Interest rates falling

  • 2004-05-20
  • Baltic News Service
TALLINN - Estonia's Nordea and Sampo banks are going to follow Hansapank in lowering interest rates for housing loans, bringing down their minimum rates to 3.1 percent and 3.4 percent respectively.

Nordea's board decided to lower the risk margin of housing loans issued in kroons, or Euribor base interest, to 0.9 percent, making it possible to issue new loans with an interest of 3.1 percent to 3.35 percent a year, the bank explained.
Families with an income of more than 10,000 kroons (647 euros) per month can obtain the 3.1 percent - 3.35 percent housing loan from Nordea on condition the house or apartment they are acquiring was completed in 2001 or later.
Sampo's rates, on the other hand, will not depend on the house's age.
"As of [May 13] the loan interest in Sampo Bank will start from 3.4 percent, and the interest rate will not depend on the age of the property serving as the collateral," the bank's press officer said.
Previously Sampo's lowest interest rate was 3.5 percent, and it only applied in case of the purchase of a new apartment or house.
The lowest interest rate on housing loans offered by Uhispank, Estonia's second largest bank, is presently 3.5 percent, but the bank said it was prepared to correct the rate in accordance with the market.
"Hansapank has so far had the highest interest margins on the market, and it was a natural course of things on their part to bring their interest rates down to those being offered on the market," Eerika Vaikmae-Koit, the deputy director of Uhispank's retail banking division, said.
Hansapank began providing housing loans starting with 3.4 percent interest as of May 12. Hansapank's lowest - 3.4 percent interest rate - applies to loans where the share of self-financing is at least 25 percent, the property serving as collateral is not older than five years and the client has enough payment power to serve the loan.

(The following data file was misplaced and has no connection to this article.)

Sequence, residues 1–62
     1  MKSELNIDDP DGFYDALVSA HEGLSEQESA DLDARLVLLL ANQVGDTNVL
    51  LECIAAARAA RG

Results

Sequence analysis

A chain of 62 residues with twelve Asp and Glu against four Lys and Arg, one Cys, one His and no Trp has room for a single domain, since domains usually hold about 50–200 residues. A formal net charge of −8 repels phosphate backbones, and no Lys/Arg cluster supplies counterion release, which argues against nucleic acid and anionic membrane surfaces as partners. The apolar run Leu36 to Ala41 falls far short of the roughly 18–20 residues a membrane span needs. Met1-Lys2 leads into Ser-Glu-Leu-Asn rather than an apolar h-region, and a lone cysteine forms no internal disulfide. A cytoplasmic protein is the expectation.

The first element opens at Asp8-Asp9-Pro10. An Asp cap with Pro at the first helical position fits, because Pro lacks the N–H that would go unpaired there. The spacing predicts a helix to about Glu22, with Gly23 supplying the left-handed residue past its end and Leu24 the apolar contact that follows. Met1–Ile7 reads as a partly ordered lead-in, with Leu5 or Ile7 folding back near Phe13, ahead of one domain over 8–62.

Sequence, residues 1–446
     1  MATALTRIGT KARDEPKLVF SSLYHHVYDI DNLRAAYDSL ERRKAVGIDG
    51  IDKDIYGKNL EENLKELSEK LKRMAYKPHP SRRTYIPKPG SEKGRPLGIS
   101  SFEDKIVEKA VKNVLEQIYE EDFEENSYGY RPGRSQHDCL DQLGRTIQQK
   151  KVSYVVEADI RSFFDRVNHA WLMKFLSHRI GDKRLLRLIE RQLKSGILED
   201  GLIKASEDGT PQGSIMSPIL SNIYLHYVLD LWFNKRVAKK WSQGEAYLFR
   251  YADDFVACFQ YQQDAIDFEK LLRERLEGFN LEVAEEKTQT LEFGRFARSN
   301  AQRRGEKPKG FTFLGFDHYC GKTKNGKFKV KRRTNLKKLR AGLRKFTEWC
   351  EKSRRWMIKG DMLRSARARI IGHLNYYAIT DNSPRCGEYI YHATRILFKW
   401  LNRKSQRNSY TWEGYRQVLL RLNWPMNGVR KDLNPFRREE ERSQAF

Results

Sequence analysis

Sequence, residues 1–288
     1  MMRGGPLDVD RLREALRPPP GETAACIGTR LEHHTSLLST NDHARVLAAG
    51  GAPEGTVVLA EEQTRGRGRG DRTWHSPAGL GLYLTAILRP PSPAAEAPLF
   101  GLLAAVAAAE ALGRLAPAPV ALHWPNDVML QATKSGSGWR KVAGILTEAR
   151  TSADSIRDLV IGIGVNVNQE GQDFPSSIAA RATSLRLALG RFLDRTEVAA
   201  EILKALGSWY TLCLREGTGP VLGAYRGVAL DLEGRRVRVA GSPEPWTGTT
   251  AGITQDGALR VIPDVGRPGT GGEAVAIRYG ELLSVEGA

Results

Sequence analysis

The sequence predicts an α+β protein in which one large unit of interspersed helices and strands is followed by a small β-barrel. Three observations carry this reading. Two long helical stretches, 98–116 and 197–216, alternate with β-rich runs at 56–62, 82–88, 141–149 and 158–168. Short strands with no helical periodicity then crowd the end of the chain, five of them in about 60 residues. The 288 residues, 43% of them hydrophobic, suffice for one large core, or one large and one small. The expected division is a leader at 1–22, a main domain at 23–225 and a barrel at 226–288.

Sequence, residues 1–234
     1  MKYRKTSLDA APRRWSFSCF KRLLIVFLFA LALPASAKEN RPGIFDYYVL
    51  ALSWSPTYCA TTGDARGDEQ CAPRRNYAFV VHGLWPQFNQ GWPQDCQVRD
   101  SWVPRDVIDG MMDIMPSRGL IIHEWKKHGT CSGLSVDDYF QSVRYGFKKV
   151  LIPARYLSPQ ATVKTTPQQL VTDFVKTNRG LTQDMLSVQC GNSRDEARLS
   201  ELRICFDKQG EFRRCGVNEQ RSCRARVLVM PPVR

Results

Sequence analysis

In the future, further rate drops were not being ruled out by analysts.
Toivo Annus, retail banking director of Nordea, said the current downward adjustment of interest rates could continue through the year.
"Considering that there are already about 80,000 clients with the housing loan obligation, it seems there aren't many new clients wishing to take a loan," Annus said. "As a result, existing clients will start looking for better conditions for their existing loans, and an interest rate adjustment, triggered by banks wanting to win or keep their market share, will naturally follow."
What's more, compared with neighboring markets, there was still room for rates to fall, Annus said.
"The Nordea Bank housing loan margins in the Nordic countries are 0.7 percent and sometimes as low as 0.6 percent, and I can see nothing to prevent them from being similar in Estonia after some time," he said.